Lesley Quayle – I Choose To Be French

I Choose To Be French

Stick a pin in a Europe, find one place on this earth,
Unleash your chosen kin, ignoring random roots,
The imponderable accident of your birth,
Be who you want to be, fly free, sans parachute.

“No man’s an island”(Donne), no woman either (Me)
Surely origins can be a moveable feast?
Why stick around these shores, Parochial-On-Sea,
When there’s much better fare, out there, elsewhere, off piste?

I’m bored with Scottish blood, un-Brit me, it’s no wrench
From haggis, kilts and Burns, I’m not taking the piss,
Bonjour wine and Rimbaud, for I choose to be French,
(And a bit of Oo La La never goes amiss.)

 

Lesley Quayle is Scottish, but she writes poems in English and occasionally Franglais. She can sing songs in the Gallic just as well as Billy Connolly can and she can give that Edith Piaf a run for her money with the chorus of Je Ne Regrette Rien. She likes Camembert and Cheddar and has been known to make Boeuf Bourguignon using Aberdeen Angus. European? Moi? Oh Aye.

Lesley Quayle – Old Moley

Old Moley
 
Old Moley-man, three coats, two waistcoats,
jumpers, vests layered back to a museum
of skin, festering, bagged up in ruined corduroy,
his boots, one grey, one brown, both soles
curled under dirt-scarred, nomad’s toes –
he dances in the park. With eyes closed,
struts his stuff and promenades,
a waltz, a quickstep, cuts some rug
and rock ‘n’ rolls, his jive and twist
compelling flies, semibreves around his head –
his stench tolls through the wooded square.
He stumbles, stops, dry as a broken bottle,
soul drained, a desert of old dreams,
new sorrows, sits on a bench, his breath
a toxic smog, until the sun demists the view.
He rests, forlorn as torn up letters
fretting on the breeze. Passers-by tune out 
when he thunders godless hymns,
his mouth a caved in hovel, humming,
whistling when he can’t remember words.
He’s entertaining strangers for odd coins
rolled downwind to the ragged cockle of his hat.
There’s no applause.

Lesley Quayle – A Teatime Miracle

A Teatime Miracle*

We watch to see if their hearts’ bitterness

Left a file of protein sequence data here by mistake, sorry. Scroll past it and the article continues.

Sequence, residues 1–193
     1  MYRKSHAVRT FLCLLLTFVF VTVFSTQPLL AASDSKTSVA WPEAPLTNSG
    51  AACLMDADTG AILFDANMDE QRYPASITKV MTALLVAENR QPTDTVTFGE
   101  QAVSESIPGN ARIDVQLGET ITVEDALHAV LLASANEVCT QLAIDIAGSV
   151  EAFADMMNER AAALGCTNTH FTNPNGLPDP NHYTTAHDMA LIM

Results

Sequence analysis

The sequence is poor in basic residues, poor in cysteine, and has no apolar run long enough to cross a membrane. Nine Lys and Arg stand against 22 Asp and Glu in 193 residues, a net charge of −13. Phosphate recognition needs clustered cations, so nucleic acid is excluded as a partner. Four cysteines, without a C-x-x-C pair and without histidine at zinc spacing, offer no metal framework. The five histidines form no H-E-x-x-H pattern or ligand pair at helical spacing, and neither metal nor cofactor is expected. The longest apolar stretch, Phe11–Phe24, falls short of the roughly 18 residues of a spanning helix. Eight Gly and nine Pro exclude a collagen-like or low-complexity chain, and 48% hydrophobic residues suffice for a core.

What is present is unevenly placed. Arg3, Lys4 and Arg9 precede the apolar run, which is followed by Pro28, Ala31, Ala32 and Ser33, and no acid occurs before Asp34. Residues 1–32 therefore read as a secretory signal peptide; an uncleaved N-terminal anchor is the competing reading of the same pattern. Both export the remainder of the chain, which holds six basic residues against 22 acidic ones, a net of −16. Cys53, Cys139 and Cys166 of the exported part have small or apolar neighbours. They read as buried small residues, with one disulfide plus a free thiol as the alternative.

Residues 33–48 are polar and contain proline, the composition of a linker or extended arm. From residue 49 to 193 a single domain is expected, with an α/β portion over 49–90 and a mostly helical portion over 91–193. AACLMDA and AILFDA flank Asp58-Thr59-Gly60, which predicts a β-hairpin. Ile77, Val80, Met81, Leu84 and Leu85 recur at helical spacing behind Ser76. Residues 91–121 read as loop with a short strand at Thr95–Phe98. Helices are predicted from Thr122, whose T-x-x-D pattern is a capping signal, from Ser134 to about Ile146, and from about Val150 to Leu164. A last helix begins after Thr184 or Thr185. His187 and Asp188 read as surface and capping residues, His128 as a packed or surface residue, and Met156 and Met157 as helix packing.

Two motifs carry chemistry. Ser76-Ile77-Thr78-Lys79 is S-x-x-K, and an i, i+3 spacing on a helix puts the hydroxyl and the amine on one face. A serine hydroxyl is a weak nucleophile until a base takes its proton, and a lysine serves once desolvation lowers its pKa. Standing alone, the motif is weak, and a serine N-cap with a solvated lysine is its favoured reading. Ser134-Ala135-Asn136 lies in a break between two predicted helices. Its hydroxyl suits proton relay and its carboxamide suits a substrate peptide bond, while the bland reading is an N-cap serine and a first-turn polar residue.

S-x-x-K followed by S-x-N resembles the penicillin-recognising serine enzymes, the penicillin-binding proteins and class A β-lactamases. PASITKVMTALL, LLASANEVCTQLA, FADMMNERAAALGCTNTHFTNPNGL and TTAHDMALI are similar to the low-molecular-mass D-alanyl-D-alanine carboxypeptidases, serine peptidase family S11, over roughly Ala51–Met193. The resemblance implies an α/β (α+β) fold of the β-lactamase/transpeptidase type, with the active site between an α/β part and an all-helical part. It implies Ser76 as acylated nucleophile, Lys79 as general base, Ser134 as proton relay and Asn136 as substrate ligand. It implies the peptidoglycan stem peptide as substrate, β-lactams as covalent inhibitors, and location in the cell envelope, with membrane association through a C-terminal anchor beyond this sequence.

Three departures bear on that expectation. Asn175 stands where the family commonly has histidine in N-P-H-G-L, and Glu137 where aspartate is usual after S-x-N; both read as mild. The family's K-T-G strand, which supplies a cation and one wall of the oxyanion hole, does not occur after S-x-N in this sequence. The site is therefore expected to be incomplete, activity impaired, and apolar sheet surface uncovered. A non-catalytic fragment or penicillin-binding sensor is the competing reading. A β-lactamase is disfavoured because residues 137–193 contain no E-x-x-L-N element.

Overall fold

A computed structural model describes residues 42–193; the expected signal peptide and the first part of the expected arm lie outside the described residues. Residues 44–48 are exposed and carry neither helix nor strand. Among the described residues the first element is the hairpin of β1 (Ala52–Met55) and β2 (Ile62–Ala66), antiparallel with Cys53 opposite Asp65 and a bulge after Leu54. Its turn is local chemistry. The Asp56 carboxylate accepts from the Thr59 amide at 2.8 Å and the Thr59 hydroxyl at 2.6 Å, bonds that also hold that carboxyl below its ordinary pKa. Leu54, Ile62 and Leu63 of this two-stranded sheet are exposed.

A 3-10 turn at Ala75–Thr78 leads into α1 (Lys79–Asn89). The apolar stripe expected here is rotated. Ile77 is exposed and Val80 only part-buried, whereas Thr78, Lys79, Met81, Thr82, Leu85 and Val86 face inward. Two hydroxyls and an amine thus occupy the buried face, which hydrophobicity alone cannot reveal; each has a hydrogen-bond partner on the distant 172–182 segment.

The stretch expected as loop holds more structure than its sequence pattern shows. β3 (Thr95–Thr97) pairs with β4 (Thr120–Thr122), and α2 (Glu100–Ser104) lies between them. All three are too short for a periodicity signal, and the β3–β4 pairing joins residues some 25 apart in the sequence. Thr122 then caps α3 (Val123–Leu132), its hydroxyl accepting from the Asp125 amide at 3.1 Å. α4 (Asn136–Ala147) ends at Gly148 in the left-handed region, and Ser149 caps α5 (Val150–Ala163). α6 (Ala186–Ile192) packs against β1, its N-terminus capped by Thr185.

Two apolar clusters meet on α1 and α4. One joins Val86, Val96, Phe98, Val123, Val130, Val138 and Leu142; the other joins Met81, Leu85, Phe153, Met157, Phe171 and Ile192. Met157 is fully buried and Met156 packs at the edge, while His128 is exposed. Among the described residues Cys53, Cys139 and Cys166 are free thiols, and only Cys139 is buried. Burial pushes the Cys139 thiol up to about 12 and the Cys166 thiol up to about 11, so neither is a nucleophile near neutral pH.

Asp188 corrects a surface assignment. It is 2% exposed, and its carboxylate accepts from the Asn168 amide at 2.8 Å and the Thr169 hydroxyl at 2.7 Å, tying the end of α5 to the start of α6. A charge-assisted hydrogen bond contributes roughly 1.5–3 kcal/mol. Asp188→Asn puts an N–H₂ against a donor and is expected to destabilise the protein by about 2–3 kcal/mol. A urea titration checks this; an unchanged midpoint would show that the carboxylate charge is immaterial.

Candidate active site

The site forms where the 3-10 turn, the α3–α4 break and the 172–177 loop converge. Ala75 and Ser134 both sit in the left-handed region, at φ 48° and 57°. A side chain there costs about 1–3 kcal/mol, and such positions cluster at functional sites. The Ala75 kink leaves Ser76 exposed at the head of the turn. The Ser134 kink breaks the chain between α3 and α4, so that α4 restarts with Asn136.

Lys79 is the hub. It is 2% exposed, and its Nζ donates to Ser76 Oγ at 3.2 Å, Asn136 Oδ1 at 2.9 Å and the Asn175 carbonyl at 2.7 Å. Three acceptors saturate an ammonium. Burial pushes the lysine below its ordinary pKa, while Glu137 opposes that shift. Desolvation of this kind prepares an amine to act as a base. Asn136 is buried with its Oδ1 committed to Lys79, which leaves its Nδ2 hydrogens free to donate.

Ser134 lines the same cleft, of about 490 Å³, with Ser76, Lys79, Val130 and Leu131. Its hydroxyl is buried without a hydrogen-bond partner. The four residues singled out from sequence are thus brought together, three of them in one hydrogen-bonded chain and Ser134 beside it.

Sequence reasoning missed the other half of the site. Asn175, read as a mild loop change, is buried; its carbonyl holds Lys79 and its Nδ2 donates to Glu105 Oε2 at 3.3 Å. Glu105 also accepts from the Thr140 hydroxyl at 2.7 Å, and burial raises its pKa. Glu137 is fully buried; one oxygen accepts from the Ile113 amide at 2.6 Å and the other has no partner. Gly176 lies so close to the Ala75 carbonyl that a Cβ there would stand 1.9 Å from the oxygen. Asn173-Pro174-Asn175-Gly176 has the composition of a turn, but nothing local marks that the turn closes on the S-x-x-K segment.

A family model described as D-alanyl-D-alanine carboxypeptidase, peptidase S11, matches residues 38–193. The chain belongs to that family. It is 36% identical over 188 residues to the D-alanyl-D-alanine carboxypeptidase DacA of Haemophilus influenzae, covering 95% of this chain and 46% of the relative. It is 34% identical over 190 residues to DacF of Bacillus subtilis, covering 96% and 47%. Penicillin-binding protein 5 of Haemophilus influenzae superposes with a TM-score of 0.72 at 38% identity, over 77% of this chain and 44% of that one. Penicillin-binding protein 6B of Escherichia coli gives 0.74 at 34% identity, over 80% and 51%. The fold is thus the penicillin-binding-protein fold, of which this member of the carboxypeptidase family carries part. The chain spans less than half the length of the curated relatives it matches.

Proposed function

can unconsume itself, to see if it will breathe

and take its bearings on the premise of restraint, the public
telescope of duty – private purgatory exiled in handshakes,

fingers folding, gripping, holding tight, releasing, holding tight,
past torments clenched, unbearable in the avoidance of eyes,

afraid of looking lost perhaps, of seeing through the careful
packaging of State and exposing the same old guide book,

same old torn out pages. Too much for words, other than
the ones which settle on the lips like humdrum flies,

a kind of rain which blurs the mind, overlaying history
with foggy palimpsests. Over a cup of tea, the past

affronts the present, old men shake hands. We are
the mute spectators at a teatime miracle.

(*Title from an extract in a Guardian article by Jonathan Jones, about the historic meeting between Prince Charles and Gerry Adams.)

Lesley Quayle – Video

Video.
 
It’s meticulously scripted;
the kneeling man in silence,
the other, black shrouded, reciting
his prophesy – accent, grammar,
common on the ear as everyday.
This modern ars moriendi,
I already know the finale,
but online,
for a brief moment, fingertips are drawn,
in thrall, towards the ‘play’ button.
I almost press it.

Lesley Quayle is a poet, novelist and folk/blues singer, currently living and  working in the wilds of rural Dorset. Her most recent poetry collection “Sessions” is published by Indigo Dreams.

Lesley Quayle – Ab Initio Ad Finem

Ab Initio Ad Finem.
In the beginning there was –
something,
a shining,
spheres in motion,
spinning,
a perfect blueness,
unbroken.
 
Sea-borne fragments
hobfin, stumpfoot,
salt-backed,
a memory of gills  
the hows of lungs,
the thrill of limbs,
the welcome of now.
 
The dancers and skippers,
skaters and hoppers,
the totterers
of green forests
and ochre dunes,
among sweet grasses,
over the steadfast ice.
 
The hungry and thirsty,
shouters and whisperers,
the whistlers –
puckering up,
rubbing noses,
shaking hands,
in pain or joy.
 
The creators and fabricators,
killers and life-preservers,
the cruel-to-be-kind,
with all the pretty toys,
goodsandbads,
wishfully thinking
while the dreams run down.
 
The lonely-for-truth,
soul stealers, progress pledgers,
the five year, ten year, sometime,
maybe, never plans,
smelling of money-rot
and violent ordure.
The nowandthen roses.
 
The punctual grave.
 
 

Lesley Quayle is a poet, novelist and folk/blues singer, currently living and  working in the wilds of rural Dorset. Her most recent poetry collection “Sessions” is published by Indigo Dreams.

Lesley Quayle – A Responsibility to Truth

A Responsibility to Truth.

(For Edward Snowden)

White, black, black, white,

truth, lies, wrong, right.

I tell you my name,

you who are ordinary,

the travellers, the stay-at-homes,

the small and passive, faceless

shoals, caught in a net of lies.

I give you scissors and a filleting knife.

 

Ask where I am.

 

Black, white, white, black,

someone won’t be coming back.

I tell you my name,

you who are honourable,

the venerable old, the industrious young,

the not so innocent and hardly guilty,

fools and sacrificial lambs.

I give you a responsibility to truth.

 

Ask what happened to me.

 

Lesley Quayle is a poet, novelist and folk/blues singer, currently living and  working in the wilds of rural Dorset. Her most recent poetry collection “Sessions” is published by Indigo Dreams.